Now, here is Wallace’s interpretation of this story, which I have edited to fit the Indian version:

Plus, there’s the whole matter of arrogance. The nonreligious guy is so totally certain in his dismissal of the possibility that the passing camel drivers had anything to do with his prayer for help. True, there are plenty of religious people who seem arrogant and certain of their own interpretations, too. They’re probably even more repulsive than atheists, at least to most of us. But religious dogmatists’ problem is exactly the same as the story’s unbeliever: blind certainty, a close-mindedness that amounts to an imprisonment so total that the prisoner doesn’t even know he’s locked up.

My first question is: Should we consider the atheist “closed-minded?” After all, in his time of greatest need, he was at least willing to “try” praying to Vishnu.

My second question: Is refusing to believe in the reality of something for which there is no evidence a sign of close-mindedness? Maybe it’s a sign of healthy-mindedness.

My third question: What could be more arrogant and self-centered than imagining that a god who ignored the prayers of six million Jews in Nazi death camps would rescue you from a mess you got yourself into?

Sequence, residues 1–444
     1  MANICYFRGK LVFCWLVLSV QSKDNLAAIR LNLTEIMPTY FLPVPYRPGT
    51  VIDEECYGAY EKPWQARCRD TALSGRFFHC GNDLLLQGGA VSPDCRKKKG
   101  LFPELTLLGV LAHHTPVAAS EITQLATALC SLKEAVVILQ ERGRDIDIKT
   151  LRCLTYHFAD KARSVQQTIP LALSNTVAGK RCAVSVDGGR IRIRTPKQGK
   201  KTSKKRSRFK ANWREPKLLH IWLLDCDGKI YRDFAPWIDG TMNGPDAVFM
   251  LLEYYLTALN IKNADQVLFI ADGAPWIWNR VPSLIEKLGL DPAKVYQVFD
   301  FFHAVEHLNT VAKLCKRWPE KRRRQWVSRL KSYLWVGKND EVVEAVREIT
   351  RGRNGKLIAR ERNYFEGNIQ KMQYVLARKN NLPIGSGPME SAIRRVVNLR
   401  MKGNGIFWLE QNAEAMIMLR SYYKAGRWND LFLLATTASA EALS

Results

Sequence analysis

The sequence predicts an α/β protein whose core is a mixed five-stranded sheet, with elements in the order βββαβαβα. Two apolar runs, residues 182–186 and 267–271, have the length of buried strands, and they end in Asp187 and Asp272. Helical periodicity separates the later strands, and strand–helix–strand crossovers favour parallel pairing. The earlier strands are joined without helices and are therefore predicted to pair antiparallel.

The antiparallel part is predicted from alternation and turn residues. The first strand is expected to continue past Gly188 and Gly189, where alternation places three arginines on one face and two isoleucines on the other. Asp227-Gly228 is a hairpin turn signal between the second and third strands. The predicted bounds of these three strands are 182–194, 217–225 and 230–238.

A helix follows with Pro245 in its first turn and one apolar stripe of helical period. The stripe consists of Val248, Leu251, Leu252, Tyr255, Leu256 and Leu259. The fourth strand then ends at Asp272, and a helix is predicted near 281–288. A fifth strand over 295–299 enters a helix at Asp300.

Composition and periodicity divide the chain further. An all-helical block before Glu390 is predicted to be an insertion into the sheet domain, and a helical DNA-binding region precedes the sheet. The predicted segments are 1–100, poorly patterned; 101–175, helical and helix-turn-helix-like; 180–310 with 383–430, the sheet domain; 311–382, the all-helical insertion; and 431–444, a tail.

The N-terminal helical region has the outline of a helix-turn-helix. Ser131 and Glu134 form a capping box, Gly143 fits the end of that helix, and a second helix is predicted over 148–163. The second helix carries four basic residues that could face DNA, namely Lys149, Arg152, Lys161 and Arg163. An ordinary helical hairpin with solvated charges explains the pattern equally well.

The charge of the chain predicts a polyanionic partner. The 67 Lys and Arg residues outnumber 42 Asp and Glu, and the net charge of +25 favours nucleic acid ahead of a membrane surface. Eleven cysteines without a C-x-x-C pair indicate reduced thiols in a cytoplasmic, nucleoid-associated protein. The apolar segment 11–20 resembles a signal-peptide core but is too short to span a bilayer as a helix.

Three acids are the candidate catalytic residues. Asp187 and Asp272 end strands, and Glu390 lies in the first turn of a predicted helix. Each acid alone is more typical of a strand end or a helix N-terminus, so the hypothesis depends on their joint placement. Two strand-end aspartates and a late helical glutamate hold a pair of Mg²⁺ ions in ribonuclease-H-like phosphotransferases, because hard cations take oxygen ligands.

Later, Wallace writes:

In the day-to-day trenches of adult life, there is actually no such thing as atheism. There is no such thing as not worshipping. Everybody worships. The only choice we get is what to worship.

Wallace is talking about two different things as if they were the same. One is belief and the other is worship. First you believe, and then you worship. How can you worship if you don’t believe? Is belief something we “choose” because it brings benefits like redirecting our worship away from material things to more spiritual ones?

And I don’t accept his premise that not worshipping God (any God) leads to worshipping material things. I don’t “worship” material things. I do, however, value “earthly things” like a healthy ecosystem, an end to hunger, and education and healthcare for all. I simply believe this life is all there is and we must busy ourselves making it better for everyone. Is that crass materialism?

Wallace apparently believes that there are only two choices: You worship God or you worship body, beauty, money, and power. This is just not true. What are we to make of Carl Sagan or any number of other atheists who have dedicated their lives to education, to science, or to public service?

I think Wallace has given atheists a really bad rap.


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One Response to “Novelist David Foster Wallace Gives Atheism a Bad Rap”

  1. Jams Browns Says:

    You purposly left out what DFW was trying to say by “everybody worships”. He means that we all worship something, like our own intelligence or our egos or our selves or whatever. Not just material things. I think most atheists can relate to “worshipping” their own intelligence.